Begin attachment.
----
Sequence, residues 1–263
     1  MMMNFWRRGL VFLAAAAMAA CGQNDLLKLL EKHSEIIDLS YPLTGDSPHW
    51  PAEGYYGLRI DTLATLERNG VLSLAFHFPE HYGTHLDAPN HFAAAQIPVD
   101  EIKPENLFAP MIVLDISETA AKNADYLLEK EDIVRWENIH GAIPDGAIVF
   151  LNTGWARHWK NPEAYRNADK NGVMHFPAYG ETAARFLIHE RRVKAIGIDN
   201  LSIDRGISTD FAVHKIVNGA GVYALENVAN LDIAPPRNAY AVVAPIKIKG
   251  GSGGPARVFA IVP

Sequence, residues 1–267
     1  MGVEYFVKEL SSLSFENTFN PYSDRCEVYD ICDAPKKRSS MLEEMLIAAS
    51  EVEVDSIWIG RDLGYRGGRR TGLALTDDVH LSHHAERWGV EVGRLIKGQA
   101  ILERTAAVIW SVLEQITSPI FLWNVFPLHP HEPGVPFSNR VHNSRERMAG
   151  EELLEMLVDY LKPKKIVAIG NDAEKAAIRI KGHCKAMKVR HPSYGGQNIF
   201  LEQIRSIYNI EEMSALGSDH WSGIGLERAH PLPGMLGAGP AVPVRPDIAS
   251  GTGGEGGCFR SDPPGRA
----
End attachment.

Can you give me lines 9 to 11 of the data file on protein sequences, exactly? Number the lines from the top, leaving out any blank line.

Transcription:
     1  MGVEYFVKEL SSLSFENTFN PYSDRCEVYD ICDAPKKRSS MLEEMLIAAS
    51  EVEVDSIWIG RDLGYRGGRR TGLALTDDVH LSHHAERWGV EVGRLIKGQA
   101  ILERTAAVIW SVLEQITSPI FLWNVFPLHP HEPGVPFSNR VHNSRERMAG